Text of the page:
A SpaceX Falcon 9 rocket fired 60 more Starlink internet relay satellites into orbit Sunday from the Kennedy Space Center with another set awaiting launch Wednesday from the nearby Cape Canaveral Air Force Station.
With Sunday's flight, SpaceX has now launched 835 Starlinks in a rapidly-expanding global network that eventually will feature thousands of commercial broadband beacons delivering high-speed internet to any point on Earth. To reach that goal, the company plans to launch at least 120 new Starlinks every month.
The latest Starlink mission, SpaceX's 14th, got underway at 8:26 a.m. EDT when the Falcon 9's nine first stage engines ignited with a burst of flame, pushing the slender rocket away from pad 39A at the Kennedy Space Center atop 1.7 million pounds of thrust.
Making its sixth flight, the first stage propelled the rocket out of the dense lower atmosphere and then fell away and headed for landing an offshore droneship. Touchdown marked SpaceX's 62nd successful booster recovery since December 2015, its 42nd at sea.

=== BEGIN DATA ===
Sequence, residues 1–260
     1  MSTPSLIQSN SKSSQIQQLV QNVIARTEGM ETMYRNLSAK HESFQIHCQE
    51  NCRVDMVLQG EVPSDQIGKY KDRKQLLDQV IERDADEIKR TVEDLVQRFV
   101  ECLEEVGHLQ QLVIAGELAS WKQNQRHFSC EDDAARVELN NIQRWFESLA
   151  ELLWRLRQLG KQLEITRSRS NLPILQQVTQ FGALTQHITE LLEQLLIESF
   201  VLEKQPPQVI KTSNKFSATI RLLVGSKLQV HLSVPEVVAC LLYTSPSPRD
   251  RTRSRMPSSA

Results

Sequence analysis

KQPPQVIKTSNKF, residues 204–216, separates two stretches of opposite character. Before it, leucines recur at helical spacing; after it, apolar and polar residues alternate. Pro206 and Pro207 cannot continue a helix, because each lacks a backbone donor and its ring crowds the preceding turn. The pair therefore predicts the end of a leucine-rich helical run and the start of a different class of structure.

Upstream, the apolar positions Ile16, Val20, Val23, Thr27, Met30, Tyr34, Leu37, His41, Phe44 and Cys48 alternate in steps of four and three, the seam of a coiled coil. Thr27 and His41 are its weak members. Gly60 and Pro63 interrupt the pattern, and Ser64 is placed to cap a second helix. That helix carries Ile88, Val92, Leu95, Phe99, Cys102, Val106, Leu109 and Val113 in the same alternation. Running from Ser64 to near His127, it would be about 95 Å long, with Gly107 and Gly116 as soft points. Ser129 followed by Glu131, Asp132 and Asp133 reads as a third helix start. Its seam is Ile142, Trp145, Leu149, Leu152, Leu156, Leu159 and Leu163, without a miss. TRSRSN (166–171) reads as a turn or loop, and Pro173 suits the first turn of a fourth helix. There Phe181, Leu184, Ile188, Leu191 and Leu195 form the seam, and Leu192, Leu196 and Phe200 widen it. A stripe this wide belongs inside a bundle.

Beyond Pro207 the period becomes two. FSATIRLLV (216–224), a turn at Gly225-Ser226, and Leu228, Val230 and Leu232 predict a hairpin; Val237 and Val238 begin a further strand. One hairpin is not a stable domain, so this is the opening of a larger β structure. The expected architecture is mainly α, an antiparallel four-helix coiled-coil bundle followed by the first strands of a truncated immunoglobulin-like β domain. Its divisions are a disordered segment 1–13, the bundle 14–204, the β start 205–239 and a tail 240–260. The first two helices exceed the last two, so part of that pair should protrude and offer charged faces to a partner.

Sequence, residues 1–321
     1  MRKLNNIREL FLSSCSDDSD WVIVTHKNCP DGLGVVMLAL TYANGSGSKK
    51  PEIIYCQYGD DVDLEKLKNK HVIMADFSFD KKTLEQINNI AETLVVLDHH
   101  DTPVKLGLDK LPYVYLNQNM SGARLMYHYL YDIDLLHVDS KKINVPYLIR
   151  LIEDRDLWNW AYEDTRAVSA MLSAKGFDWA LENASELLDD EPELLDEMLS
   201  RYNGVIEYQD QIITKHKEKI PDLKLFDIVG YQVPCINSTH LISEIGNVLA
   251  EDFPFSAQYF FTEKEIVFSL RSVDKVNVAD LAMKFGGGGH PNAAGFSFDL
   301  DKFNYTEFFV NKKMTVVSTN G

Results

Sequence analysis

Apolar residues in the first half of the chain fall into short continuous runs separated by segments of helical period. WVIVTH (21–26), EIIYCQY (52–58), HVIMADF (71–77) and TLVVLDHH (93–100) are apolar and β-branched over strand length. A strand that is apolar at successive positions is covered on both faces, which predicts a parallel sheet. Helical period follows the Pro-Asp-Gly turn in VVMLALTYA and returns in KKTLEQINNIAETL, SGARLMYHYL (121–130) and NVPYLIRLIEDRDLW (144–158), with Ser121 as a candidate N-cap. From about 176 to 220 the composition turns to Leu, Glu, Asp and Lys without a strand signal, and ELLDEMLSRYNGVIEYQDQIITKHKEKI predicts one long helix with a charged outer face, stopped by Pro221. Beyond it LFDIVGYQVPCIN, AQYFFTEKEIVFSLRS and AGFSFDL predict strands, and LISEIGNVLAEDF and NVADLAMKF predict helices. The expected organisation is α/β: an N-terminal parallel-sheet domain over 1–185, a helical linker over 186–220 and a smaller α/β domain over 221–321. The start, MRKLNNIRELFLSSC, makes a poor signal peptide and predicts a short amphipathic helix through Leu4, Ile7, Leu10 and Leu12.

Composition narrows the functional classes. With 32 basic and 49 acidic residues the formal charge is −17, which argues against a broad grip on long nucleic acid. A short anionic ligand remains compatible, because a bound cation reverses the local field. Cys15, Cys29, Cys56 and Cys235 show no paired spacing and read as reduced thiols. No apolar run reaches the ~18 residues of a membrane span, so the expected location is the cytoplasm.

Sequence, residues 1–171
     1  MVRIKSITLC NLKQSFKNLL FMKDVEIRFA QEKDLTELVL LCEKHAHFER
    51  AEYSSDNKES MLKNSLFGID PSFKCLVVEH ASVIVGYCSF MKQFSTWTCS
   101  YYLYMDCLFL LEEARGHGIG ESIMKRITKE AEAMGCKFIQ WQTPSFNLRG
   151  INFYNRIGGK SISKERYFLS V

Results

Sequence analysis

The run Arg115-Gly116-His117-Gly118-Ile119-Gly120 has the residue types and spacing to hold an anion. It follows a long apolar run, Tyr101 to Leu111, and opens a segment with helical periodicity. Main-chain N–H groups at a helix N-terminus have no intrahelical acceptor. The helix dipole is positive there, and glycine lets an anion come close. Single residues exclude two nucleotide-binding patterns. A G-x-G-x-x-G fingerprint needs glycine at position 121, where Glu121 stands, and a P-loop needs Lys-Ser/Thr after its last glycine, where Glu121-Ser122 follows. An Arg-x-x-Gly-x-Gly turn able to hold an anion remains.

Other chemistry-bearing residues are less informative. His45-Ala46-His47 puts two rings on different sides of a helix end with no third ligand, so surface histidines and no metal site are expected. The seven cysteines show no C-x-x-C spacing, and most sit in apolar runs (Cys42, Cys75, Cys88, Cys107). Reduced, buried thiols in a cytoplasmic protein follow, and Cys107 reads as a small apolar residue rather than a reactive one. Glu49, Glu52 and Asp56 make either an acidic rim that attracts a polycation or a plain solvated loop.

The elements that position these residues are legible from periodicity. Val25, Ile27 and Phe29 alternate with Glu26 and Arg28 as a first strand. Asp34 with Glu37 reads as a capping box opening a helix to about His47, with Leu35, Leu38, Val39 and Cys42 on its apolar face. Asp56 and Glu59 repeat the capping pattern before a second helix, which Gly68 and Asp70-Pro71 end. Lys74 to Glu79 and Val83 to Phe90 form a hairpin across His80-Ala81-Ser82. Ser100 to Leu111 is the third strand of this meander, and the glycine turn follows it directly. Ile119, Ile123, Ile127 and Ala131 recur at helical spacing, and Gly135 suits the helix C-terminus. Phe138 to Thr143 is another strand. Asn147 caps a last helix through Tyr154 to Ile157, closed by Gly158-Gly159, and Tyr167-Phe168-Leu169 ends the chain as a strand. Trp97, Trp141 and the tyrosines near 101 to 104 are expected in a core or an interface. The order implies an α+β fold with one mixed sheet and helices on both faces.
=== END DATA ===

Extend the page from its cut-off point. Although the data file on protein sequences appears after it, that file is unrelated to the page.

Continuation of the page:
Less than a minute after stage separation, the two halves of the rocket's nose cone fairing, both veterans of two earlier missions, fell away for parachute descents to capture netting aboard waiting recovery ships. Both were successfully recovered, although one appeared to break through its netting, possibly hitting the deck of its ship.
The second stage, meanwhile, pressed ahead to orbit and after two firings of its vacuum-rated Merlin engine, all 60 Starlinks were released to fly on their own about an hour after liftoff.
Sunday's launch marked SpaceX's second Falcon 9 flight since October 2 when a last-second abort blocked launch of a Space Force Global Positioning System navigation satellite. That flight remains on hold while company engineers assess an apparent issue with engine turbopump machinery.
SpaceX has not provided any details about how the engines used Sunday and those used during a Starlink flight October 18 might be different from those used for the GPS mission.
Likewise, there's been no word from SpaceX or NASA on whether the engine issue poses any threat to the planned launch of four astronauts to the International Space Station atop a Falcon 9 next month.
Sunday's launch was the 18th Falcon 9 flight so far this year, the 95th since the rocket's debut in 2010, the 98th counting three launches of the triple-core Falcon Heavy. The Falcon 9 has suffered two catastrophic failures, one in flight and one during pre-launch testing.